Chemicals magnate Sir Jim Ratcliffe, Chairman of INEOS Automotive, said: “The Grenadier project started by identifying a gap in the market, abandoned by a number of manufacturers, for a utilitarian off-road vehicle. This gave us our engineering blueprint for a capable, durable and reliable 4×4 built to handle the world’s harshest environments. But it had to look the part as well. As you will see today, Toby and his team have done a great job in delivering a design that is both distinctive and purposeful.”
A whole host of different variants, body styles and wheelbase lengths of the Grenadier are planned, as part of its brief to fill the void of the original Land Rover Defender as a back to basics 4×4 that’s a spiritual successor to that car.
As present, there are no images available of the Grenadier interior but we can expect it to be functional in design, with drain plugs and the use of ‘hose-it-out’ materials. Chunky rubber will likely feature inside and leather will only be used as a durable and functional requirement. Cabin ergonomics are expected to be greatly improved over the original Defender, too. To be fair, it would need to be.
A whole series of aftermarket options are under consideration to give even greater customisation to the model, including removable body panels (such as those window panels above the front cabin in the pictures).
Production and markets
Around 25,000 units a year is the ultimate production goal for INEOS Automotive, across its various derivatives, and the company believes it can be profitable at that level despite Land Rover not having a business case for the previous Defender which was just below those levels.
The Grenadier has been designed to be a working tool with real credibility in markets such as Africa and Australia, and for use by NGOs (non-governmental organisations). It has been developed with easy maintenance in mind, and to work on lower quality fuels that it might encounter in more remote places.
The company is expected to sell its models direct to end-users where it can, as with its global spread of sales across multiple variants, the actual amount of each model sold in each market will be quite small. INEOS Automotive initially plans a launch the Grenadier in Europe, with other global markets such as Africa and Australia, to follow shortly after.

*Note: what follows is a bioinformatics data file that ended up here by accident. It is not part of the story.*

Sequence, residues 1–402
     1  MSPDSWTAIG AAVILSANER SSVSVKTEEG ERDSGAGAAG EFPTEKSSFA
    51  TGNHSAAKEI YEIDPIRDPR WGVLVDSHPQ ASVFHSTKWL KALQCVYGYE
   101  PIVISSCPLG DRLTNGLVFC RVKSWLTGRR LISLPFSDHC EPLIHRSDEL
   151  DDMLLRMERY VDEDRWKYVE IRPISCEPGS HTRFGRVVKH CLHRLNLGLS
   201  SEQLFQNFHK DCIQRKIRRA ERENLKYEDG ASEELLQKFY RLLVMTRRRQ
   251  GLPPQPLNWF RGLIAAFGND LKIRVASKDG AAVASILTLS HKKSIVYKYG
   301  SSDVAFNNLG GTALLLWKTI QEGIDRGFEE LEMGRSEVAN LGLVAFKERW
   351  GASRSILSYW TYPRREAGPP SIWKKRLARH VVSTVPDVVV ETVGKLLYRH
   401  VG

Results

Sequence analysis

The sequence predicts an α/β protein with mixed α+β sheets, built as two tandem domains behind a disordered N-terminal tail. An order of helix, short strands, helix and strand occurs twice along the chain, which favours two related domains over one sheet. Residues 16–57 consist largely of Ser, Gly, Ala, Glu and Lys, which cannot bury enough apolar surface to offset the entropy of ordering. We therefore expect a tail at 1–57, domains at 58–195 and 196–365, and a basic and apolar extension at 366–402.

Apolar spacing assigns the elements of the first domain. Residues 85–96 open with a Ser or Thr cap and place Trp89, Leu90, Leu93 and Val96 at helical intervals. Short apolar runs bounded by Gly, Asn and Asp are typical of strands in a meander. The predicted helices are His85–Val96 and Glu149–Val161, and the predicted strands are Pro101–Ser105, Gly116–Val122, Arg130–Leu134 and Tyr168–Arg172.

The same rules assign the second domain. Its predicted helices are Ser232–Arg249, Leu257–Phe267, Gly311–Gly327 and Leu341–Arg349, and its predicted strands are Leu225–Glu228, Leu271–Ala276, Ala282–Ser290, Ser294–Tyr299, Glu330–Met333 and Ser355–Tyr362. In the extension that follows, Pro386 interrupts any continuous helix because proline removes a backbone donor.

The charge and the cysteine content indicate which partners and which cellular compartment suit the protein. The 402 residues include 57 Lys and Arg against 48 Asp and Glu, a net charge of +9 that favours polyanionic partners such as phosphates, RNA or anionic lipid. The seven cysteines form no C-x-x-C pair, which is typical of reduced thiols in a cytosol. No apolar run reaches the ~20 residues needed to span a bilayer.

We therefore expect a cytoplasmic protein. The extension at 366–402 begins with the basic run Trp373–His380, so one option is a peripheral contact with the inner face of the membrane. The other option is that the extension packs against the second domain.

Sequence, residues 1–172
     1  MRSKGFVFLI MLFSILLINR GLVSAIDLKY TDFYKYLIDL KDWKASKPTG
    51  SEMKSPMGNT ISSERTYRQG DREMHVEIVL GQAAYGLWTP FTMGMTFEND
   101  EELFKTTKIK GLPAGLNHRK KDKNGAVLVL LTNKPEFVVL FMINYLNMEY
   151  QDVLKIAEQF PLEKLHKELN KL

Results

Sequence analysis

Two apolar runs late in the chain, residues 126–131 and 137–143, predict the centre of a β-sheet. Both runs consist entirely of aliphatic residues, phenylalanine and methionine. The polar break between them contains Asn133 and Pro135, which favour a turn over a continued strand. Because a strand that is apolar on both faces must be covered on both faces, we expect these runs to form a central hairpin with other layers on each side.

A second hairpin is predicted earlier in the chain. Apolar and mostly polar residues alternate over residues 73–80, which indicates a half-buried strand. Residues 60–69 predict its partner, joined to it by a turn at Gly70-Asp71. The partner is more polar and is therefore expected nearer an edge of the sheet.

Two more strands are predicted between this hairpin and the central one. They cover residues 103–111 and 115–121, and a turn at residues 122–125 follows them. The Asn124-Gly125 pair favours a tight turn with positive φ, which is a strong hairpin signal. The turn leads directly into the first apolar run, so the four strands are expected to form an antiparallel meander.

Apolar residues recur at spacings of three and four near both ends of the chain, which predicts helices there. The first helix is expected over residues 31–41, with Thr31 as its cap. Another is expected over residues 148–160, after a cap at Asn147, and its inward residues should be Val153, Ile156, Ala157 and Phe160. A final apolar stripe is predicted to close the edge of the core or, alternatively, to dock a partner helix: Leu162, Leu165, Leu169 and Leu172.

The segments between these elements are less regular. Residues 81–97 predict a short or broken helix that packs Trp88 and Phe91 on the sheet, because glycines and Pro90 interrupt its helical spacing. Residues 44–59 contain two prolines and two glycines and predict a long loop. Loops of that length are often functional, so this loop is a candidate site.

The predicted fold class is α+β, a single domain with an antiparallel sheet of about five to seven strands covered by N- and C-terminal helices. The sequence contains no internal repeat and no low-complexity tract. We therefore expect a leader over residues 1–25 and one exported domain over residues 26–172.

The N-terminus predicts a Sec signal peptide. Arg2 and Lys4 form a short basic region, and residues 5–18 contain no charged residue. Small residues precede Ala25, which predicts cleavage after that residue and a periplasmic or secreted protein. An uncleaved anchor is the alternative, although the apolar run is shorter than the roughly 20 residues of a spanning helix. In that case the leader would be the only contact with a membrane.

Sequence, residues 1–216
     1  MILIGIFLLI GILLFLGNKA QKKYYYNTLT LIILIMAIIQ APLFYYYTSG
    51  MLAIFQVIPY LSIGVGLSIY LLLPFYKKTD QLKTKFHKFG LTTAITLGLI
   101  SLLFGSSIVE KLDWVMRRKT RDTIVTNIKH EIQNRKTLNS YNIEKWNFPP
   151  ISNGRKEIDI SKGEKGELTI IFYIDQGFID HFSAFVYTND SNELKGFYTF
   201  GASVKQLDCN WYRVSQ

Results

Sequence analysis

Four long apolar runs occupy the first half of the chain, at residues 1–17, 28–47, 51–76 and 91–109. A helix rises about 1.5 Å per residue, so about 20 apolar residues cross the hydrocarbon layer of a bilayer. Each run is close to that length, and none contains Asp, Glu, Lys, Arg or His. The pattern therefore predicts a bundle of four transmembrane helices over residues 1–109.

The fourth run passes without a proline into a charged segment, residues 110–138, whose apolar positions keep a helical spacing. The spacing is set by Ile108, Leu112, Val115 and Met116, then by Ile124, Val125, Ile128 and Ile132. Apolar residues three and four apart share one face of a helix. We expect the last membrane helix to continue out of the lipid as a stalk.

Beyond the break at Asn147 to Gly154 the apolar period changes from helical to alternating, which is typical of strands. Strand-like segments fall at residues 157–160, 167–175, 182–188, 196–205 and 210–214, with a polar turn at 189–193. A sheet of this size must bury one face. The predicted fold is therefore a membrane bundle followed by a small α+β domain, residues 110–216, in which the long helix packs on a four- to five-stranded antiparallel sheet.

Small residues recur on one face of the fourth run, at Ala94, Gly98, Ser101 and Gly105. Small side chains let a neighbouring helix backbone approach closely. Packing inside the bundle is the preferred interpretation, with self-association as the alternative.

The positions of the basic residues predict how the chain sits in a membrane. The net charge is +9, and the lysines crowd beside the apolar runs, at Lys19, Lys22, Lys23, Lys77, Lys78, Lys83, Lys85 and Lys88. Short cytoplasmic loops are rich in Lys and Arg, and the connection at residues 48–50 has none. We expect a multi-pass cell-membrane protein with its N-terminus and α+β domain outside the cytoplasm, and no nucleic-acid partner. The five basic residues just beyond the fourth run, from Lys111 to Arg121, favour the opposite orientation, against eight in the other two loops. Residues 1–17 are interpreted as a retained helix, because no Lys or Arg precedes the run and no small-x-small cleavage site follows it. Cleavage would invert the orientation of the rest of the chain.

Availability in the USA is further away due to the different regulatory requirements, while a Chinese launch is not being committed too for now due to the challenges of entering the market. In the future, INEOS Automotive is not ruling out other vehicles or vans, but the long-term focus is on getting the Grenadier and each of its derivatives launched successfully around the world.
Here’s what we know so far about the Grenadier 4×4…
Pricing is expected to be in the region of £34,000. Production to commence late 2021.
The vehicle will ride on a steel ladder frame chassis with aluminium body panels.
Solid coil-sprung front and rear axles with diff-lock will feature along with permanent all-wheel drive.
Engineering firm Magna Steyr (responsible for producing the Mercedes-Benz G-Class, Jaguar I-Pace and Toyota GR Supra) are assisting in bringing the Grenadier 4×4 to series production.
The rugged 4×4 will be powered by BMW’s latest 3.0-litre straight-six petrol and diesel engines, both paired to a ZF-sourced eight-speed automatic transmission. Manual transmissions are unlikely.
It has a one-tonne / Europallet payload and 3.5 tonnes towing capacity.
With an eye on EU7 emissions regulations, all-electric models are expected to follow and fuel cell technology is under consideration.
There is a sub-assembly facility that will produce chassis and body components in Estarreja, Portugal, employing around 200 workers.
An all-new manufacturing facility broke ground in the autumn of 2019 in Bridgend, Wales. It will create an initial 200 jobs, peaking at around 500 on-site employees.